Thursday, March 12, 2009

Transtheism/Supratheism follow up

Comment on the comments to my last post:

Rebecca Lesses: "at the beginning of an article just state - this is what I mean by gnostic, gnosticism, and if you want to know more, see such and such an article that I wrote that explains this exactly with all the details"

Rebecca, I have been doing this. But it doesn't work well. It also limits what I can do or say.

But if I create a category that everyone knows is a modern heuristic device, my analysis will be more transparent. I will be able to identify family relationships better. For instance, take Hermetic materials. There is a genetic link between the religiosity of these lodges and the gnostics. But they aren't gnostics because their creator god isn't oppositional. What they are though are transtheists who are linked to other transtheists (the gnostics) who have taken the hermetic tradition and worked in jewish and samaritan (and eventually christian) exegetical traditions.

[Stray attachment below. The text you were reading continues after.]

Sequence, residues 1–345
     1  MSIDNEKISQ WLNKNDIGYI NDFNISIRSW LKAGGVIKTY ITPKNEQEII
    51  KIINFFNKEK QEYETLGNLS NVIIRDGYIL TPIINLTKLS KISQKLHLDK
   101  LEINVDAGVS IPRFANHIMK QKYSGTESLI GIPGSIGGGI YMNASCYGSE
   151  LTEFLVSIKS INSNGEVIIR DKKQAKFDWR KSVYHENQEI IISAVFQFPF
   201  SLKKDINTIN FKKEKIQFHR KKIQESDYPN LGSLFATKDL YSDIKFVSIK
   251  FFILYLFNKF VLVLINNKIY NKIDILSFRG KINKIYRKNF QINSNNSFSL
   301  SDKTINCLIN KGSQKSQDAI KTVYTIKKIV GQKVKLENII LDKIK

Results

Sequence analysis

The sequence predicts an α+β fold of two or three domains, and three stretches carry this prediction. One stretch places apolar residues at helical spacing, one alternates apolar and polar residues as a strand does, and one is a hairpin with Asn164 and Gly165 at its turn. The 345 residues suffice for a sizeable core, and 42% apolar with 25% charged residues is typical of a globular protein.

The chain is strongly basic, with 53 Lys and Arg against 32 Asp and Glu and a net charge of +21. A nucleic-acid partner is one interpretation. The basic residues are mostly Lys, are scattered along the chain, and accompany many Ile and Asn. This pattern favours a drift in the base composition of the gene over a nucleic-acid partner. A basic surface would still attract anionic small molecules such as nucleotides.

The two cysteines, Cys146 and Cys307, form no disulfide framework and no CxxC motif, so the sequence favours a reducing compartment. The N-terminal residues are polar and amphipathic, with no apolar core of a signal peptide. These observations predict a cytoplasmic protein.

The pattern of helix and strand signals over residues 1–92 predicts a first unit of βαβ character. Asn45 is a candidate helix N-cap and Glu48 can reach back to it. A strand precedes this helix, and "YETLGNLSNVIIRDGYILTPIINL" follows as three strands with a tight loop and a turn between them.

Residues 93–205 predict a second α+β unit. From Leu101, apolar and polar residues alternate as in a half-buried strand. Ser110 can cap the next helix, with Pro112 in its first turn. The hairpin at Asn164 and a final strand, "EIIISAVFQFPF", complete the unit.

Of course I will continue discussing different groups by name when we might know a group. But these groups are not unconnected varieties. Almost every one of them is from Alexandria with some connections with Antioch and Rome and Edessa and Carthage and Lyons. There are genetic connections that need to be worked out, and we need overarching language to be able to identify those characteristics - and the characteristics that uniquely develop with different groups.